Estimating time and cost for a project, or even part of a project, can be tricky.  Breaking down the tasks into subparts must be done or you don’t stand a chance.  Given enough time, you can develop an accurate estimate and put a good plan in place.  But sometimes you can’t flush out all the contingencies because you’re under pressure to provide ‘your best guess’ RIGHT NOW, and we all know how those rough estimates suddenly become etched in stone.

You don’t want to give an estimate that is too low because you risk the possibility of project delays and cost overruns when unexpected problems arise.  You don’t want to give an estimate that is too high because you risk the project not moving forward due to inflated costs.  There is a fine line to giving a ‘close enough’ estimate within the time constraints you have.  Even when giving quick estimates, some allowance for potential problems and risks must be made.  This is especially true when you don’t have much time to think about it.  By keeping a checklist of past problems and risks, you can quickly refer to the key areas that got you into trouble before and are likely to affect this project.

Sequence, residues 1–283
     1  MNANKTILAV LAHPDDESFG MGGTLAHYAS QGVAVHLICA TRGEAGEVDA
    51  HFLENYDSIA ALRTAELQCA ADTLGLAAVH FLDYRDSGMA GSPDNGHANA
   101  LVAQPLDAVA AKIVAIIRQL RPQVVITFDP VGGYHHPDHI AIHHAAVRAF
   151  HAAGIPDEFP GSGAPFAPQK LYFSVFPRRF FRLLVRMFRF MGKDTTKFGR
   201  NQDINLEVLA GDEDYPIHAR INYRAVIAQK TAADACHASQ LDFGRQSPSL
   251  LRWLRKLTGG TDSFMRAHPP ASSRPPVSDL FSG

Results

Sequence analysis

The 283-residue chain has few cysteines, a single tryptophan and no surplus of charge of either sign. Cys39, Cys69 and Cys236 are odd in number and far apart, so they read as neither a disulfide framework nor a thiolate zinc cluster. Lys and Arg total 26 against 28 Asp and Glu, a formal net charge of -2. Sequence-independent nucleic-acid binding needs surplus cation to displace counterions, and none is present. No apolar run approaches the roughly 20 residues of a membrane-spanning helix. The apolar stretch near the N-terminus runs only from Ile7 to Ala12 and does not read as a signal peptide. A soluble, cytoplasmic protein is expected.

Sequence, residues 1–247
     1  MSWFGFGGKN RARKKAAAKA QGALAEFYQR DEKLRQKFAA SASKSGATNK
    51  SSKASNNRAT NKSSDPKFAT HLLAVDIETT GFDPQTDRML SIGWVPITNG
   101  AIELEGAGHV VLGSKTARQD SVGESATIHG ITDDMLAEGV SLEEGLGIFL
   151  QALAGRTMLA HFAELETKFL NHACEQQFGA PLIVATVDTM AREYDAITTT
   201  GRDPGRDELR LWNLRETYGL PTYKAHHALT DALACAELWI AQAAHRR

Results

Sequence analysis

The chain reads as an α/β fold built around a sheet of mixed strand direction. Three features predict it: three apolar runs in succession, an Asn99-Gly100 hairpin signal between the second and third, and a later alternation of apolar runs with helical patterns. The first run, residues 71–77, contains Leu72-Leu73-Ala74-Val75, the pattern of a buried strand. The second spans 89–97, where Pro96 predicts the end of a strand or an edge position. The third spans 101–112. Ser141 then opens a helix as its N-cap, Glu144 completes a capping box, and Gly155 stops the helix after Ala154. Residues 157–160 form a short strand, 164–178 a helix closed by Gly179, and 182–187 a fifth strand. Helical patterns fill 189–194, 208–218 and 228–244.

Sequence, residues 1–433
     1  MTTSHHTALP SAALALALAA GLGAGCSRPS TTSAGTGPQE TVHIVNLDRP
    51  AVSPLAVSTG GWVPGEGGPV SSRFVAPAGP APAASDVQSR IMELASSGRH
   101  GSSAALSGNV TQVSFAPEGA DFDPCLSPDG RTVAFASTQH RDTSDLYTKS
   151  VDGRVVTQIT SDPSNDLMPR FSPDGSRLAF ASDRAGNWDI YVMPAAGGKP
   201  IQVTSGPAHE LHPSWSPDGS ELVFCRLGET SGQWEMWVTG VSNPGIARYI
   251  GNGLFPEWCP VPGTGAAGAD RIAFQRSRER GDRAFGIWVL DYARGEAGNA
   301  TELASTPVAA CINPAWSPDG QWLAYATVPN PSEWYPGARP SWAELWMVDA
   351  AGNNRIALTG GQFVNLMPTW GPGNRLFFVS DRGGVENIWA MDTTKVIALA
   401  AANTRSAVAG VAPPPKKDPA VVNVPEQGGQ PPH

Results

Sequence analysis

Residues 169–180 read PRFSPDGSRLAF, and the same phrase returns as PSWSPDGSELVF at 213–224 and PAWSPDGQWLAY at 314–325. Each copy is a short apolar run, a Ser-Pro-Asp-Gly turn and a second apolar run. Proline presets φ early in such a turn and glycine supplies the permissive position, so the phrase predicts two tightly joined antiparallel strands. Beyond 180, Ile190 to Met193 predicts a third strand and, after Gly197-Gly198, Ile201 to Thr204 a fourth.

Some items to include:

  • new tools or test equipment being used;
  • current staff workloads and distractions;
  • contractor or employee training needs;
  • any changes in current work procedures or instructions;
  • critical functional areas that need more attention or definition;
  • project documentation generation and reviews, especially product requirements;
  • verification reviews, especially traceability between requirements and test plans;
  • software unit testing and metrics;
  • user and safety manuals;
  • test lab time and cost;
  • agency audit efforts;

If history shows it takes twice as long to finish tasks than you think, you could shortcut the process and just double your quick estimate. Or you might add extra time since you know the managers will try to trim it back anyway. Just ‘winging it’ in this way may get a quicker answer, but using a more systematic approach to the estimate process will give you better support for your assumptions. If you still don’t feel comfortable with the estimate, you should try to ask for more time to provide it and use your checklist as ammunition of things that need to be considered. At a minimum, get more clarification about how the estimate will be used. Just as with functional safety designs, taking time to assess the risks and consequences of non-ideal and unexpected conditions can go a long way to improving project estimates.

Tagged as:     John Yozallinas     functional safety  

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